When someone asks me, 'What country do you come from?' What should I answer? Suppose my country is India, is it 'I come from India' or 'I came from India'?

If the answer is it depends on the context, can you tell me the difference? Because when someone asks me like that, it's obvious if I'm there, that means if my original country is A and I'm in B, I should use the past tense, shouldn't I? But, I saw so many people said 'I come from...'

2 Answers 2


If you say, "I come from India," it means that India is your homeland - probably where you were born and grew up. You use the present tense to denote that you are currently, and always have been, from India. The emphasis is on the continued state of being from India.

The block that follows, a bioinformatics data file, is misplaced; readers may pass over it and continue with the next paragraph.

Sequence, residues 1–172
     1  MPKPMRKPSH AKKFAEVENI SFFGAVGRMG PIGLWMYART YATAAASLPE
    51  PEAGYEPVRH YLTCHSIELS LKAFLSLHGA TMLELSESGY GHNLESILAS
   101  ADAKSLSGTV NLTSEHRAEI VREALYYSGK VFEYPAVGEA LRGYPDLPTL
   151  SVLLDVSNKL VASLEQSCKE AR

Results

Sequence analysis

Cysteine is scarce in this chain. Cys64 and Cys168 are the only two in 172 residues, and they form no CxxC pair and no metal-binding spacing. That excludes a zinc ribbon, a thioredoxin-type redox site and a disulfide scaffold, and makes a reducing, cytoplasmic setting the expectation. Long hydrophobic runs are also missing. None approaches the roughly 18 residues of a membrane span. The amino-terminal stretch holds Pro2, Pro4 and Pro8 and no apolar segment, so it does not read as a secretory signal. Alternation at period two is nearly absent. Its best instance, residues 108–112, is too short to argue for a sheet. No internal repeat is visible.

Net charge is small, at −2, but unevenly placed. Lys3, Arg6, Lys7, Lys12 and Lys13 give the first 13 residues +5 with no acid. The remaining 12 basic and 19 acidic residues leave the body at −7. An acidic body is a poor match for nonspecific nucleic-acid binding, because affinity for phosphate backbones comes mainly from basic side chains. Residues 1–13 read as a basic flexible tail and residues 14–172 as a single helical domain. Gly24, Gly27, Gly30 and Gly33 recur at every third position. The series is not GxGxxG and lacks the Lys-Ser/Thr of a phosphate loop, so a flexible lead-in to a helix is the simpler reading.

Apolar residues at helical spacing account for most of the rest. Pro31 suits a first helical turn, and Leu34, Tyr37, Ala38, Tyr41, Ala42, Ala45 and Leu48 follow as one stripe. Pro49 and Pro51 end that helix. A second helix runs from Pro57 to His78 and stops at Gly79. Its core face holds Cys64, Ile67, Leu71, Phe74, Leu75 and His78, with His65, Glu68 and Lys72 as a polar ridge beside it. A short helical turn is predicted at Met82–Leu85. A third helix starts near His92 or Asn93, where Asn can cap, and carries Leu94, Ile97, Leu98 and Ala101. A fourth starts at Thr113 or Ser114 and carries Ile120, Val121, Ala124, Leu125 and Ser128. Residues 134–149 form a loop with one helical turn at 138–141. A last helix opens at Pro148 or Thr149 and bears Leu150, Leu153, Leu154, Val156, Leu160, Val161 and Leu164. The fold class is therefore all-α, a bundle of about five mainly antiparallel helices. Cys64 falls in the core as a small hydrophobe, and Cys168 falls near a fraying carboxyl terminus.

If you say, "I came from India," it means you traveled from India. You use the past tense to denote that the traveling is complete. The emphasis is on the past action of traveling from India.

But, as @SoronelHaetir said, if someone specifically asks, "Where are you from?" you can simply say "India" and the rest of the meaning is implied.


Simply saying "India." without more is sufficient. The verbiage is understood since you are directly answering a just-asked question.

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